One of the most rampant forms of software piracy involves the misuse of volume license keys. Counterfeiters use these stolen keys to create installable software that may be incomplete and could potentially contain spyware and malware. Responding to the escalating piracy of volume license keys, Microsoft is adding volume licensing activation features to Office 2010. This upcoming version of Microsoft Office will offer technology managers new tools built on the existing Software Protection Platform that not only will make software piracy harder, but also will better enable businesses to manage their IT assets.
The forthcoming version of Office will bring together new anti-piracy innovations, counterfeit detection and tamper-resistant features into a complete platform that provides better software protection to programs that leverage it. Microsoft already has a track record of incorporating the Software Protection Platform into earlier products such as Windows 7 and Windows Server 2008, and Hartje adds that they are looking to replicate the same success with Office 2010.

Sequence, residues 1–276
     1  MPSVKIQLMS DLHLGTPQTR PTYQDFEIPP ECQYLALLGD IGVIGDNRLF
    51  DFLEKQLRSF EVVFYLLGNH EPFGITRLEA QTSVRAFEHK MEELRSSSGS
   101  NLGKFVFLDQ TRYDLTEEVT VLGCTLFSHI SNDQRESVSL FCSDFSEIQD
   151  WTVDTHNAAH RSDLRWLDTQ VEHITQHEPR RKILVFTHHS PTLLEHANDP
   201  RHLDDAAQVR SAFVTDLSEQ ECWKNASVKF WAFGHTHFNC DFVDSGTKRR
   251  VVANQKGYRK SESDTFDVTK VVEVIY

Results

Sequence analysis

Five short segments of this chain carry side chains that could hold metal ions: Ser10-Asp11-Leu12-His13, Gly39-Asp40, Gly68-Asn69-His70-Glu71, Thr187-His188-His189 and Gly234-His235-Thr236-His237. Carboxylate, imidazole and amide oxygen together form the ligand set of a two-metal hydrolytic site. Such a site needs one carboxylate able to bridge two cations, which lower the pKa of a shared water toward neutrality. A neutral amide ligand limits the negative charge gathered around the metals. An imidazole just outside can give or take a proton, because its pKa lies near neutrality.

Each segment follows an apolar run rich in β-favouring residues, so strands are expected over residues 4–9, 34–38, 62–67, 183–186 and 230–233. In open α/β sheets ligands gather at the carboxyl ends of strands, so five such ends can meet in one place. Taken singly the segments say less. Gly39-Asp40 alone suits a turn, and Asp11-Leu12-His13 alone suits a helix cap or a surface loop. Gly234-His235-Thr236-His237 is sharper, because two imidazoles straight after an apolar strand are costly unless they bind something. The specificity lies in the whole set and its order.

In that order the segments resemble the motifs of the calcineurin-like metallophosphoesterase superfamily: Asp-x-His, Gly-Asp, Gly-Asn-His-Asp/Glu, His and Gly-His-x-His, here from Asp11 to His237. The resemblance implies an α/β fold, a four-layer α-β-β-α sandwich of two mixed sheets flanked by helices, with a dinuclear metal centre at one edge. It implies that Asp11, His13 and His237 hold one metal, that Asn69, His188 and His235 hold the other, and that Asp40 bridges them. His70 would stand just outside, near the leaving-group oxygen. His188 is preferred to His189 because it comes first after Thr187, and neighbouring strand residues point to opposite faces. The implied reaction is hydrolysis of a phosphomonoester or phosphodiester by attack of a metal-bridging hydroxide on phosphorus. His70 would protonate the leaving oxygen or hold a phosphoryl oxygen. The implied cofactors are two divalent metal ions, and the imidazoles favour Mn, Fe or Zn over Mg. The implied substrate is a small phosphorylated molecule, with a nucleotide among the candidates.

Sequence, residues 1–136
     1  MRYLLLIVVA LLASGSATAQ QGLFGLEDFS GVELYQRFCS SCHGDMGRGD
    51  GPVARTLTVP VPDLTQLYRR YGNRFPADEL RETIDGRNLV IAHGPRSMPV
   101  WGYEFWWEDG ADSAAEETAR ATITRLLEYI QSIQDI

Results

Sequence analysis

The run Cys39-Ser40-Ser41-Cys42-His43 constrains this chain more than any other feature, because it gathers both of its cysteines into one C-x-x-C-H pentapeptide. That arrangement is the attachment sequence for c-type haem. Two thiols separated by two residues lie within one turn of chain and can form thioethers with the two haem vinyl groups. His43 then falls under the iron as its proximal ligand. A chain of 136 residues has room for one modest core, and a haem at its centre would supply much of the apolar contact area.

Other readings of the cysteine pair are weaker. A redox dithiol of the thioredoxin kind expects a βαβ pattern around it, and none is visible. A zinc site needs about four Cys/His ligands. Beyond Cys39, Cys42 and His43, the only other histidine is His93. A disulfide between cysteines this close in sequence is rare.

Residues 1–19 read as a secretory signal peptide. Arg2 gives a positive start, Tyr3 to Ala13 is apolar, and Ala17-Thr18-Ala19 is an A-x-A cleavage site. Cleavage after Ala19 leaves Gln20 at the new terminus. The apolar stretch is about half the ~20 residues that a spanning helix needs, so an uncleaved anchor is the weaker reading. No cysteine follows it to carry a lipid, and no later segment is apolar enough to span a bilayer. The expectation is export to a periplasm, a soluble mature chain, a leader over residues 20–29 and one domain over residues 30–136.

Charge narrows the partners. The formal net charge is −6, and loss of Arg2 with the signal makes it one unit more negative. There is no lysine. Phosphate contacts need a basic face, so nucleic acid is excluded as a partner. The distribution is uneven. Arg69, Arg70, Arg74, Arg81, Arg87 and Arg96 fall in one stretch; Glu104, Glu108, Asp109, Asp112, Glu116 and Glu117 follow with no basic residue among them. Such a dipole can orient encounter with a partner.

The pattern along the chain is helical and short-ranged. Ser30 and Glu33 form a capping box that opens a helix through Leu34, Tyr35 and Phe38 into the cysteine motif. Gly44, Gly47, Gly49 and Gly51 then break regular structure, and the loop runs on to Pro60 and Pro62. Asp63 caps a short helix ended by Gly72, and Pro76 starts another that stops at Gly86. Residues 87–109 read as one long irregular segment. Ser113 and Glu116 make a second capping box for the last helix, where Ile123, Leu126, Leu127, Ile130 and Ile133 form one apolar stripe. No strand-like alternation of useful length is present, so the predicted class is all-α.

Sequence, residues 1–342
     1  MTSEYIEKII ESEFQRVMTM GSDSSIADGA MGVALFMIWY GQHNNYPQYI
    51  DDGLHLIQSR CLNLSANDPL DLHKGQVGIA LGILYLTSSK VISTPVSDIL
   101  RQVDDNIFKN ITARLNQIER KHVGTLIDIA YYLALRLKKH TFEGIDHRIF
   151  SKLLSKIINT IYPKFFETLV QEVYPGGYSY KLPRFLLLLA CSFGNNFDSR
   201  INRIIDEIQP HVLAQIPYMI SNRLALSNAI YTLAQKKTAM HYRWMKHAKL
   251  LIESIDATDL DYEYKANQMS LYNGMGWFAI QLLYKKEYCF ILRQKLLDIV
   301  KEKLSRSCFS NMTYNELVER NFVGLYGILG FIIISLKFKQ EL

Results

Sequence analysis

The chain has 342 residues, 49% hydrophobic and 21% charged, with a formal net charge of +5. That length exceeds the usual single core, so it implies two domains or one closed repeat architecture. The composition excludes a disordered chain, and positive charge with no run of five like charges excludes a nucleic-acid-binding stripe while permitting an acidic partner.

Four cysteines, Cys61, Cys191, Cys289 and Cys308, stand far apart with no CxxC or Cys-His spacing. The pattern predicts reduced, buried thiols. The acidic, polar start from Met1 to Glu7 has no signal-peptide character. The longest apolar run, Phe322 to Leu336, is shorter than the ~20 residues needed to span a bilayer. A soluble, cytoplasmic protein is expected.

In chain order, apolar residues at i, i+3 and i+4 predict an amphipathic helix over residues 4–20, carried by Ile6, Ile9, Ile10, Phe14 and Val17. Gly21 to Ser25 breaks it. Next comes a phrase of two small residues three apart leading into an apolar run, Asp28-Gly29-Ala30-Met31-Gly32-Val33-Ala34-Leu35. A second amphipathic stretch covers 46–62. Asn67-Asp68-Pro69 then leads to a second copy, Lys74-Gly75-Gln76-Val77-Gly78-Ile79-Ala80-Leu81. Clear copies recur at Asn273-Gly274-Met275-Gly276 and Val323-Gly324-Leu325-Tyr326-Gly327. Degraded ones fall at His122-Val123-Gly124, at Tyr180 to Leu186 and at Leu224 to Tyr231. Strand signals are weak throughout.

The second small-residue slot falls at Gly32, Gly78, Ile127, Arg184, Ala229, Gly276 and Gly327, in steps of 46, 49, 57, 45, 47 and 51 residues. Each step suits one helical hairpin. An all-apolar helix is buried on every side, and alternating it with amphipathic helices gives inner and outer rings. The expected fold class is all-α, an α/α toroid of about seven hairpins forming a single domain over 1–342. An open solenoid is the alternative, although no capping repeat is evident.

“While future consumer installations will closely resemble what we have today, additional advantages that customers can expect include the ability to issue product keys that upgrade the installed version to one that is incrementally feature-rich,” says Hartje. “The ultimate goal of our programs that stem the flood of piracy is not only to lessen the impact of these illegal activities, but also to ensure that our customers enjoy all the capabilities — as well as the peace of mind — that come with using genuine software.”